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Business warned to be ready for data breaches

Over 180 business leaders representing some of Australia’s largest organisations met today to discuss how to prevent a data breach, and how to respond to one, if or when it occurs.

Australian Privacy Commissioner Timothy Pilgrim said that there is evidence to suggest that data breaches are on the rise.

“The Office of the Australian Information Commissioner (OAIC) was notified of 56 data breaches in the last financial year, equivalent to a data breach a week. This is up from 44 in the previous year, an increase of 27 per cent,” Mr Pilgrim said.

However, the Privacy Commissioner also noted that he opened a further 59 investigations into other breaches where he wasn’t notified of the incident.

Data breaches can occur in a number of ways. From lost or stolen laptops, portable storage devices and paper records, to databases being ‘hacked’ into or organisations mistakenly providing information to the wrong person.

“Serious harm can befall people when the security of their personal information is compromised”, Mr Pilgrim said. “It is our view that whenever there is a real risk of serious harm, affected individuals should be notified.”

Data breach notification is not a mandatory obligation applying generally to government and business in Australia.  However, there is increased pressure on the Government to introduce laws to make it a general legal requirement as it is elsewhere — data breach notification is already a mandatory requirement in Europe, the UK and the United States.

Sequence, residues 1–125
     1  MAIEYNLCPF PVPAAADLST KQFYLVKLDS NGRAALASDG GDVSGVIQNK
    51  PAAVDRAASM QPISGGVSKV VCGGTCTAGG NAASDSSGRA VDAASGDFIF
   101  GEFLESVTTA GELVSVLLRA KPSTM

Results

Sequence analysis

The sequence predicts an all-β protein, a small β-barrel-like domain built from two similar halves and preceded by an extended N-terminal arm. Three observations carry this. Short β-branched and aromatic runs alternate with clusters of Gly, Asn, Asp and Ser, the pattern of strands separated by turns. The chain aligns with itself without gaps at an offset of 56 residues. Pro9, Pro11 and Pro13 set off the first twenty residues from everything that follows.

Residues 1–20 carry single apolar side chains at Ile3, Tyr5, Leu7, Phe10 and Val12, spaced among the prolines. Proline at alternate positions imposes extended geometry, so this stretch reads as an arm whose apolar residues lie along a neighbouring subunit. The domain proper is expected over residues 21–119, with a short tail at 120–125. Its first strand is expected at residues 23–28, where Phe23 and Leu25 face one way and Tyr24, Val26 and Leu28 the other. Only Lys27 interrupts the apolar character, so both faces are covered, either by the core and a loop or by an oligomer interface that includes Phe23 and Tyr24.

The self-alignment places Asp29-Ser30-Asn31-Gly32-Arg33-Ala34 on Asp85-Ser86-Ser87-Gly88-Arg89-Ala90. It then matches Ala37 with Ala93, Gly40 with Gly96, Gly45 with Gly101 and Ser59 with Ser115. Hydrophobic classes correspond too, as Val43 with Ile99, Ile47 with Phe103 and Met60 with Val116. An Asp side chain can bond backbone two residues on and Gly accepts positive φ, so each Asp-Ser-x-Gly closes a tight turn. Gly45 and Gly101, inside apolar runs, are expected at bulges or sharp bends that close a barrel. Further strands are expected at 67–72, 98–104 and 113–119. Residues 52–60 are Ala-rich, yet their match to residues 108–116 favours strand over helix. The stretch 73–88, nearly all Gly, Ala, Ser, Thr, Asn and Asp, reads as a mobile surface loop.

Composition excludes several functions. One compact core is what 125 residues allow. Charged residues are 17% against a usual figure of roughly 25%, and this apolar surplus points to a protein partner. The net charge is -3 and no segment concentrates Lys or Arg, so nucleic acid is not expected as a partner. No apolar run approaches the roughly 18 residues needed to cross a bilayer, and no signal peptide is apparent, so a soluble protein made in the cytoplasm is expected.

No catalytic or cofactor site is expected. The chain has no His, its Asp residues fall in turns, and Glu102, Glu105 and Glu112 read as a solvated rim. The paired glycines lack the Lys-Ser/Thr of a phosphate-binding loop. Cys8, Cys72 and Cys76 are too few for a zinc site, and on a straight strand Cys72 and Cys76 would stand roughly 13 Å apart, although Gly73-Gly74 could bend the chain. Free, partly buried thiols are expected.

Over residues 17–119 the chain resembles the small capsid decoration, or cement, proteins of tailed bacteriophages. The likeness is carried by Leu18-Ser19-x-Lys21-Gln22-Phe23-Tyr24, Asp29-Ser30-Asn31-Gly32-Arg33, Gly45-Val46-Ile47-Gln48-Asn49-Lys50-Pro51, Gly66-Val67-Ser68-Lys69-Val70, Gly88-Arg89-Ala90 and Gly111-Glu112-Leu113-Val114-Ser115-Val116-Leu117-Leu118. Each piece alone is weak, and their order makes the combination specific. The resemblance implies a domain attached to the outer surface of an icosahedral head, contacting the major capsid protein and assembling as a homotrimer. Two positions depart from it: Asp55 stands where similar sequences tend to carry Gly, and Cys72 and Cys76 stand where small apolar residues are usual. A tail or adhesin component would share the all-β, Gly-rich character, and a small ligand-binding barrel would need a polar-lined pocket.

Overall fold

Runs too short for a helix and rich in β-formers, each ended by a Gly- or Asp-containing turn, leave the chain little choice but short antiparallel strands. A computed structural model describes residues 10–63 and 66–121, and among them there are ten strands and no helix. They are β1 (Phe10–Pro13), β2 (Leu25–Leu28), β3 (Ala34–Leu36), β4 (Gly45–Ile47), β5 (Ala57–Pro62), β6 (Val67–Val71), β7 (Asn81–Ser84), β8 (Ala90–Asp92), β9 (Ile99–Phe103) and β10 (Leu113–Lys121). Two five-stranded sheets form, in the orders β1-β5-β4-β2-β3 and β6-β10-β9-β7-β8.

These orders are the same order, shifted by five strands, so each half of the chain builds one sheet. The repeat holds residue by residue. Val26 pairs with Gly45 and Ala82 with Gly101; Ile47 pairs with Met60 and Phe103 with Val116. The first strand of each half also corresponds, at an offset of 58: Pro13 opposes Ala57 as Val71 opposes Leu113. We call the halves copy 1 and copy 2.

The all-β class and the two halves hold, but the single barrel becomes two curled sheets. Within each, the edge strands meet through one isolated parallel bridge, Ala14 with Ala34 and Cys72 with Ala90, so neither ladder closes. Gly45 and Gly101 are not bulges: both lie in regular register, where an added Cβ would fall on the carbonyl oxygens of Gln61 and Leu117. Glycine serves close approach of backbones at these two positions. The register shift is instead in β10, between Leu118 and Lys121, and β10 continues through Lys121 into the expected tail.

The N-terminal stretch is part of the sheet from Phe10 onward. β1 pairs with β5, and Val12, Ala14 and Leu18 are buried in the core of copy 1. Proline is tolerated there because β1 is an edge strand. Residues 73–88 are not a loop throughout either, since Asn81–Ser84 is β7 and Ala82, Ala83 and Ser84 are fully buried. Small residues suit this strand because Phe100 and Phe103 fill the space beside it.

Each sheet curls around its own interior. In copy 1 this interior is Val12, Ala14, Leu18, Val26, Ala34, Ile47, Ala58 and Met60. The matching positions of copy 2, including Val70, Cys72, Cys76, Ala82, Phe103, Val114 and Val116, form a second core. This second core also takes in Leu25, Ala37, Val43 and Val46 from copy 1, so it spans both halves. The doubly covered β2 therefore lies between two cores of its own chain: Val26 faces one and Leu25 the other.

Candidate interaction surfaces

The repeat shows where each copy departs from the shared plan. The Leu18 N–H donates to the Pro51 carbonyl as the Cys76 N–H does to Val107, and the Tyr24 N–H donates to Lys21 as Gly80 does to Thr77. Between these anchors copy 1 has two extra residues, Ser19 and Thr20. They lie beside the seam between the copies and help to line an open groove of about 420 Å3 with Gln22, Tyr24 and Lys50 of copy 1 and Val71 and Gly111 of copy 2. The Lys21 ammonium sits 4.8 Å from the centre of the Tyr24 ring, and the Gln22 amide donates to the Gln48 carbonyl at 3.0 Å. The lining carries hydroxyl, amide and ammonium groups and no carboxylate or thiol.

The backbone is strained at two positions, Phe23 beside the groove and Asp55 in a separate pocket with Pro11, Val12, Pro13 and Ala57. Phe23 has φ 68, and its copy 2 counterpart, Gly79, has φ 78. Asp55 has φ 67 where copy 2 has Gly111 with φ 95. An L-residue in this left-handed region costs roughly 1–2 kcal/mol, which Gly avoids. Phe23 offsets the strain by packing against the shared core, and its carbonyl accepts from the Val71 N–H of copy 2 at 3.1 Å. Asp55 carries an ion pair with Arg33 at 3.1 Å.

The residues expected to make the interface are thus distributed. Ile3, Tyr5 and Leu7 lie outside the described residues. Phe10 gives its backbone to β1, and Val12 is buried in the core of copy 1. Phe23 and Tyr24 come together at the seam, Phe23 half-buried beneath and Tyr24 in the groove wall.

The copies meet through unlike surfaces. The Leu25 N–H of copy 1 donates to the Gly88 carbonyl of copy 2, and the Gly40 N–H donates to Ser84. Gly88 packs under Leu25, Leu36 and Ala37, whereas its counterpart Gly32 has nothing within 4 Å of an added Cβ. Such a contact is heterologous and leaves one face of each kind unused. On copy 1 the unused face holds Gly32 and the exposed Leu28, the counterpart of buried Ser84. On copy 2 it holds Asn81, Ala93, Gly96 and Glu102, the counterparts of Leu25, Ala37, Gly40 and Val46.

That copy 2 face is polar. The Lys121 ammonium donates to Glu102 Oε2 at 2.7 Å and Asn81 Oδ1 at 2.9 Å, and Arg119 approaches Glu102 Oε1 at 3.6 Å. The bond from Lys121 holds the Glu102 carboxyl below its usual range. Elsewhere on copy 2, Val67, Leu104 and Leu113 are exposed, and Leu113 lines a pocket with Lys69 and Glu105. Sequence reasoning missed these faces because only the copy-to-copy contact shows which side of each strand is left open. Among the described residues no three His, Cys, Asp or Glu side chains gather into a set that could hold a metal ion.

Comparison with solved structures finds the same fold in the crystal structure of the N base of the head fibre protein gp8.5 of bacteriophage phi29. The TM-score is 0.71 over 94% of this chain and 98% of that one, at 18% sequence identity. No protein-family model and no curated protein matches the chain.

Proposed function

“As legislative change is considered by the Government, the OAIC has updated a guide to assist agencies and organisations to respond to data breaches,” Australian Information Commissioner John McMillan said in launching the revised guidelines.

Data breach notification: A guide to handling personal information security breaches outlines four steps to consider when responding to a breach or suspected breach and also outlines preventative measures that should be taken as part of a comprehensive information security plan.

Professor McMillan said that there are benefits to organisations that voluntarily choose to notify.

“We can work with organisations to resolve issues quickly and help them contain a breach. This can help mitigate further harm to affected individuals.”

The Privacy Commissioner warned that in some circumstances, it may be a breach of the Privacy Act not to notify as organisations covered by the Privacy Act must take reasonable steps to protect the information they hold.

For interview requests please contact Ms Leila Daniels     0407 663 968     media@oaic.gov.au


Background information

Data breach notification: A guide to handling personal information security breaches is available here: http://www.oaic.gov.au/publications/guidelines/privacy_guidance/data_breach_notification_guide_april2012.html

The OAIC has also launched 10 steps to protect other people’s personal information, available here: http://www.oaic.gov.au/publications/privacy_fact_sheets/privacy_fact_sheet7_10steps_protect_personal_info.html

Privacy Awareness Week is a joint initiative of the Asia Pacific Privacy Authorities forum. More information on what is happening around the region can be found here: www.privacyawarenessweek.org.